My time in Ecuador has been a blast and a half so far. I came to visit my friend Mandy, who is currently living in Quito, and decided to meet my friends Abby and Colleen here as well, which was a surprise to some of them. (You can read the whole story of our sneaky surprises on my friend Abby's blog, because she tells it better than me: http://shiftinghabitat.blogspot.com/2012/02/surprise.html )
Reunited with 3 of my former housemates from college, we filled our time catching up while, of course, doing some sightseeing. Highlights include: climbing up the Basilica in Historic Quito for a beautiful view of the city nestled into the mountains; standing on the equator; riding the Teleférico cable car up into the Andes for another hopeful view the city (but instead all we could see was the inside of a cloud we were in); relaxing in hot springs; and ziplining over the jungle canopy. Between beautiful sights, bountiful laughs, and exciting adventures, the memories and our time spent together are the best recuerdos.
Another highlight of Ecuador has been celebrating Carnival! Similar to Mardi Gras, Carnival is usually celebrated in South America the few days leading up to Ash Wednesday and the Lenten season. In fact, it is celebrated all over the world in many different ways. Most people think of the most flashy Carnival celebrations, like those in Rio de Janeiro, Brazil, with elaborate masks, costumes, and parades.
But in Ecuador, it is celebrated a little differently. There are still parades with costumes and indigenous dancing, but the most fun, and most widely practiced form of "playing" Ecuadorian Carnival is by being diablitos: playfully mischievous little devils that throw water, flour, and eggs at unsuspecting victims. We played Carnival with some of Mandy's friends here, and it turned into a full out war with kids and adults alike. By the end, we were all soaked in water and caricoa (similar to silly string, it's a colored foam-like substance that dries like water). People mostly play with other people they know, but a few times, neighbors would throw water at us from their windows or roofs while we were playing on the streets.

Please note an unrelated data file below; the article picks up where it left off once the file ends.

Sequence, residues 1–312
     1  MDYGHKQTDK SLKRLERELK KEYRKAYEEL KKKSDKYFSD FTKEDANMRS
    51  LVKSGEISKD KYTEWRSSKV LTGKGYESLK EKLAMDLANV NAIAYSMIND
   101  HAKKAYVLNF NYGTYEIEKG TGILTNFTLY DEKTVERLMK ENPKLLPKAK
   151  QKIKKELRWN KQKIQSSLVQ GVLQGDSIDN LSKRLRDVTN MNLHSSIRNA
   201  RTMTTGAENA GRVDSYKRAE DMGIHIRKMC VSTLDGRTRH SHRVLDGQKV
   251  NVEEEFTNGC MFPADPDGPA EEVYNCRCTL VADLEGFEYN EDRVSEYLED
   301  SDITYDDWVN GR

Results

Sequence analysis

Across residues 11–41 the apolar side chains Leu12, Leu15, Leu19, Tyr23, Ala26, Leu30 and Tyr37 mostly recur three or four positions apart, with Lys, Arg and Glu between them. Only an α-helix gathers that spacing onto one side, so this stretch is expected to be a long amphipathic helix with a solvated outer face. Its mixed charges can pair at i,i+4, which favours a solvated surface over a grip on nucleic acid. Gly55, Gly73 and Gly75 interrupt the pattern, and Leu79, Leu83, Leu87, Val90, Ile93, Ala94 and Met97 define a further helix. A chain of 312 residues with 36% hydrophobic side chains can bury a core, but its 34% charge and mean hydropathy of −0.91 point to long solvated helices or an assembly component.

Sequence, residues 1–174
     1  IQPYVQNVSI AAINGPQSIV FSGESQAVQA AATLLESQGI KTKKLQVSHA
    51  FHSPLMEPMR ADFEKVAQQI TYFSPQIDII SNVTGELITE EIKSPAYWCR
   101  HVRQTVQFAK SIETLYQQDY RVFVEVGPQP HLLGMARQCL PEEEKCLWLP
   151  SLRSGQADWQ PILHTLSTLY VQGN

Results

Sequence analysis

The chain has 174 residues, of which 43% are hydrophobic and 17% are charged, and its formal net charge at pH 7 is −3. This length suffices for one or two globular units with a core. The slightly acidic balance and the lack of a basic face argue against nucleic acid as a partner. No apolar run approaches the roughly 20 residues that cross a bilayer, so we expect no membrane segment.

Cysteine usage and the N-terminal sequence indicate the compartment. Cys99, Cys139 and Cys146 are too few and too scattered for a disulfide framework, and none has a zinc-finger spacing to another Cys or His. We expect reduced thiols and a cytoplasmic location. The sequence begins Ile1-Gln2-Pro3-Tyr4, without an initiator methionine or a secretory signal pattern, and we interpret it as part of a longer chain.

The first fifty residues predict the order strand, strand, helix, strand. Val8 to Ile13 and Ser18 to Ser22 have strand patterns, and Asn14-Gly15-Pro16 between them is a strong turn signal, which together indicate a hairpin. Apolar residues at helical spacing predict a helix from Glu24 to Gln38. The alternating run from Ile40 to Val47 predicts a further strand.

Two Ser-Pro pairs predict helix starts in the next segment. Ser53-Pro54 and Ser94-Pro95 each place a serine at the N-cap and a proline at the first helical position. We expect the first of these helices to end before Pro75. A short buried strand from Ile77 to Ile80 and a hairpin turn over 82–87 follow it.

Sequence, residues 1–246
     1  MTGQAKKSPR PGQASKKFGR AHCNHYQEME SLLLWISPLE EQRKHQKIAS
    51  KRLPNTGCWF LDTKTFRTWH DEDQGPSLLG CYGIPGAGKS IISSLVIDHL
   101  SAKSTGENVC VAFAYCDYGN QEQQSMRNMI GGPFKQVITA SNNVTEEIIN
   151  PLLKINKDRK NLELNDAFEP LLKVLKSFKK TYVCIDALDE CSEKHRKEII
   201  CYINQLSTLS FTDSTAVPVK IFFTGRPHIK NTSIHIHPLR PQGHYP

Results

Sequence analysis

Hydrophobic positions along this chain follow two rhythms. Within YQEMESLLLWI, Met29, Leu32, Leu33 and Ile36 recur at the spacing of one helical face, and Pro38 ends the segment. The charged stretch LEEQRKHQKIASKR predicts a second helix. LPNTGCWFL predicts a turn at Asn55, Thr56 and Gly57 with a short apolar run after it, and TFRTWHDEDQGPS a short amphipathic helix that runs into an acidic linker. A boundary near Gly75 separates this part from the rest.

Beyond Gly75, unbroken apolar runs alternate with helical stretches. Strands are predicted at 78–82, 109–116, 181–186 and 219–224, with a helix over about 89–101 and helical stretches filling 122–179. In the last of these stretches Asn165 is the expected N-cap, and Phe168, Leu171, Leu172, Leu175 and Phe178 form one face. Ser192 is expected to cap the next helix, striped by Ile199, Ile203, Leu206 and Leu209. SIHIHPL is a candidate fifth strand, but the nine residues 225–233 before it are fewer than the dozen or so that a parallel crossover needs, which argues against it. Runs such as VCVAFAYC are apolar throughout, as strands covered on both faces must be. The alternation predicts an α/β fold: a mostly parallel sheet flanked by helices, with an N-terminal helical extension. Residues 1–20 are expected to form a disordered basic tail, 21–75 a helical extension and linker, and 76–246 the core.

In some busy areas or at the parades, you would get covered in every substance no matter what, just by innocently walking through the street.
I'm not exactly sure why Carnival is celebrated (or Mardi Gras for that matter), but it is just a fun time for adults to act like kids and to be playfully mischievous. I think has something to do with letting loose and having fun before the Lenten season comes. I learned from some quick Wikipedia research that some say the name Carnival comes from the Latin expression "carne vale," which means "farewell to meat, signifying that those were the last days when one could eat meat before the fasting of Lent. The word carne may also be translated as flesh, so suggesting carne vale as "a farewell to the flesh", meaning that Carnival encourages you to let go of your former (or everyday) self and embracing the carefree nature of the festival.
Whatever it means, it was a a blast. Feliz Carnival!